January 31, 2015

Rebranding Alert: TRU Replaces Air Zone!

I came across this fun tidbit today at ToysRUs, both in-store and online. The packaging style remains largely the same, but check out the label: it no longer says Air Zone!

This sleek looking new blaster to be reviewed soon!
The new branding is for "Stats Blast" instead. For those who don't know, "Air Zone" is actually trademarked by Buzz Bee Toys, while "Stats" (for the purposes of outside sports toys and the like) is trademarked by ToysRUs. My guess is that either Buzz Bee is no longer allowing TRU to use the trademark, or TRU doesn't want to pay to use it anymore. Makes sense, as TRU has been continually changing what manufacturers get blasters distributed through them. (Lanard, Buzz Bee, and Banzai have all had deals in the past, but the current partner is Prime Time Toys.)

Looks nice, even if the included darts look nothing like the one on the label.
This doesn't appear to be a fluke, as there is another blaster buried in the TRU website with the same branding. In this case, it appears to be a revamped Lanard Over Under. While that blaster was terrible, the range claims on this version would indicate larger or more efficient internals.
In any case, TRU has a new wave of blasters on the way!

January 24, 2015

Nerf Super Soaker Floodfire Review

In recent years, Hasbro has "Nerfed" the Super Soaker brand in most every sense, from the branding of these water blasters to their internals. The fact that one of this year's new offerings had a trigger, therefore, was a surprise (To be clear, I'm not counting "syringe blasters" like the Alphafire). Sadly, the Floodfire, in spite of the trigger, hose connectivity, and decent reservoir volume, is only a baby step in the right direction.

I had a little help in opening the box.

Let's see what $25 at Walmart gets us, shall we?

January 20, 2015

K'Nex K-Force Updates from the London Toy Fair!

Apologies for my absence, as I didn't have internet access for a while. A semi truck taking out your phone line tends to do that, it seems. But I'm back in time to go through some news from the London Toy Fair!

First, we have a nice video from the BBC concerning the fair in general. If you skip to 1:13, you can see a discussion about the K-Force line!

See the video HERE at the BBC's website.

One source for new pictures is here at a German blog. I've posted some of the pictures here just in case. Interestingly, the blasters are advertised to shoot ranges of 75', just like Nerf's Nstrike Elite line. They're also promoting the customization of their blasters, for obvious reasons!

They look cool to me, and now I'm wondering how easy it would be to throw a larger plunger tube onto these blasters. To be continued!

January 9, 2015

Nerf Mega Bigshock Review + Basic Mod Guide

Among the new blasters for 2015 is a larger Jolt that fires Megas. The Nerf Bigshock continues the recent trend of using a simple, proven design and putting it in a new package. While we have seen a million Jolt clones already (ok, maybe not THAT many...), making a larger version is at least enough of a change to warrant further examination!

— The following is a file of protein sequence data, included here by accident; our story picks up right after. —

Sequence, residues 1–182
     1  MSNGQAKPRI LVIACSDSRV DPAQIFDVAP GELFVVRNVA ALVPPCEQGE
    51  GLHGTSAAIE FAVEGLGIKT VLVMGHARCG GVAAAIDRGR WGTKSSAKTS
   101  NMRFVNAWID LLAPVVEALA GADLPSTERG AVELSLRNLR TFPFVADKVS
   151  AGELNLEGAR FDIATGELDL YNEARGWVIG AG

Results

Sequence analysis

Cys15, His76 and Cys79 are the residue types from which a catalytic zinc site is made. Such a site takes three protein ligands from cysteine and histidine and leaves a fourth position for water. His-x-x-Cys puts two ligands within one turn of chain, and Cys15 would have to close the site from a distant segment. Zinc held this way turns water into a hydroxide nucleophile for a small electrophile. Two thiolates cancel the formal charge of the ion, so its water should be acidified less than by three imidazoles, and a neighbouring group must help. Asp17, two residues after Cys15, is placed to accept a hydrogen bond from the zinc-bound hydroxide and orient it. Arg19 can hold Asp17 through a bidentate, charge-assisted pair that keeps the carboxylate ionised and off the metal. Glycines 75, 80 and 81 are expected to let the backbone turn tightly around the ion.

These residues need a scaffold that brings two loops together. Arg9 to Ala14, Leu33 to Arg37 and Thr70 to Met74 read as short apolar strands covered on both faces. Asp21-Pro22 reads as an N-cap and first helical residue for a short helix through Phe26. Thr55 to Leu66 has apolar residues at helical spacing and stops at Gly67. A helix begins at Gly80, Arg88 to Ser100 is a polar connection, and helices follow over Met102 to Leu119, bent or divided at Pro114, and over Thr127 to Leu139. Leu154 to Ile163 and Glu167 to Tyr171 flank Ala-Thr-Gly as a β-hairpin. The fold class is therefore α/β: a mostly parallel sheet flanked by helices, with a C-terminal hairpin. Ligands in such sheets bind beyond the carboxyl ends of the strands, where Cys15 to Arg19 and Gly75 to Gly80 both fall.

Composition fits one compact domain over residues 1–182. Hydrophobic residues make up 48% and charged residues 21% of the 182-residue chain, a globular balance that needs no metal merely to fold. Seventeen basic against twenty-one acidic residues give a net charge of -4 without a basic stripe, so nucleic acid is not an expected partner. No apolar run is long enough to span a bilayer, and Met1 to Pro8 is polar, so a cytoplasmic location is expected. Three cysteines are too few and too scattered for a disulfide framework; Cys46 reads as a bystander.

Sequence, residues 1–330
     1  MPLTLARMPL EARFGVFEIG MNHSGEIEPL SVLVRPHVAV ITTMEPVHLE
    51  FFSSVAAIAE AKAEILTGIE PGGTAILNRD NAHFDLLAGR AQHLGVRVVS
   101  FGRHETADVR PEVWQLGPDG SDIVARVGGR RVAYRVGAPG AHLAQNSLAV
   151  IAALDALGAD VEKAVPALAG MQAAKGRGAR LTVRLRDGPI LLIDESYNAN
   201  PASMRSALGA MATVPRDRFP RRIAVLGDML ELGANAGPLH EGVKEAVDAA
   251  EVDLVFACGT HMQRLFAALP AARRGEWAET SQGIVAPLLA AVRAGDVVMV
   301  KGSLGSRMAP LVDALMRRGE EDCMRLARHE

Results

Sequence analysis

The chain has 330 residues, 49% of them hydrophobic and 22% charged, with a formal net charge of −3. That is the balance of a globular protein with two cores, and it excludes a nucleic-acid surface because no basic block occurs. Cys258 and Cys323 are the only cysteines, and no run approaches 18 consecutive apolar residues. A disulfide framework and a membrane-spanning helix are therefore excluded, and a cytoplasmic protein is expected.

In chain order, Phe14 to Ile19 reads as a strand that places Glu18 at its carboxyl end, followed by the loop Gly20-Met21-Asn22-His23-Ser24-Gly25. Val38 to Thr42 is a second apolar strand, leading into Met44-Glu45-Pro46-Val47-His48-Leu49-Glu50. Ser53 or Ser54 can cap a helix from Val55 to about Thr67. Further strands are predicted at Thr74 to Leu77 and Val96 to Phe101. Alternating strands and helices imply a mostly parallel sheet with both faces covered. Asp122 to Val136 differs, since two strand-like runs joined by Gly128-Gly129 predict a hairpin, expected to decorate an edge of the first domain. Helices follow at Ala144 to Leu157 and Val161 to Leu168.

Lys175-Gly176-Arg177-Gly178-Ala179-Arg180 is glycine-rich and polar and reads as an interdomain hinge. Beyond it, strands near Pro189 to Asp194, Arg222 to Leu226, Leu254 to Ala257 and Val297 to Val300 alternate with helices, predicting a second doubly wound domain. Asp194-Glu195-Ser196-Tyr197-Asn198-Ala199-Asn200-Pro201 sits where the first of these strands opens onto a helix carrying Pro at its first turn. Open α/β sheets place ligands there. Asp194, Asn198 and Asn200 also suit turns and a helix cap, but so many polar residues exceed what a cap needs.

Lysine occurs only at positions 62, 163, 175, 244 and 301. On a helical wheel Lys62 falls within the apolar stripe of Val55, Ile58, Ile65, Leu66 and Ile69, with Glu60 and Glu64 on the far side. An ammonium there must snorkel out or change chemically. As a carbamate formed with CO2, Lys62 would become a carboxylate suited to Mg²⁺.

There's not much more to explain about a blaster like this. When fired outside at an angle, most Mega darts landed 65'-75' away. Firing flat, however, had results all over the place, due to the instability of using huge streamlines - once the darts start curving, darts land anywhere from 60' away to a mere 30' away. Using my homemade chronograph, the Bigshock averaged 54 fps after averaging out fifty test shots, with little variance between shots. So, as is usual, range issues are a dart problem, not a blaster problem.

Now for some basic modifications!

The Bigshock has a fancy shell that's easy to unscrew, revealing the internals. As usual with Jolts, the actual blaster portion is fused together, aside from the screws at the rear of the plunger tube.

Once you've removed the actual blaster, use a flatheaded screwdriver and a pair of pliers to peel away the square cap at the pack of the barrel assembly. This piece seals off the air restrictor, and is luckily only lightly bonded to the rest of the blaster. As a result, you'll have the following:

The AR is rather large, and once you've removed it, a set of needle nose pliers can easily take out the dart peg assembly.

So, what do we do with that gaping hole? Turns out it measures exactly 7/8" in diameter, which means you can fit 3/4" CPVC tubing in there. In my example, I used a CPVC bushing, then sealed in an aluminum spacer with hot glue. It's a temporary measure until I make further changes. For example, I might add an RSCB by simply shoving CPVC tubing partway into that gap, and then adding a barrel for micros to the front. 

Performance with the AR removed improved, with chronograph results increasing to an average of 60 fps with the included Mega darts. This blaster has plenty of power, and it comes at a decent price (I found one at Target for $8). Go ahead and grab one, even if you're just going to have fun lobbing Mega darts at your friends and family.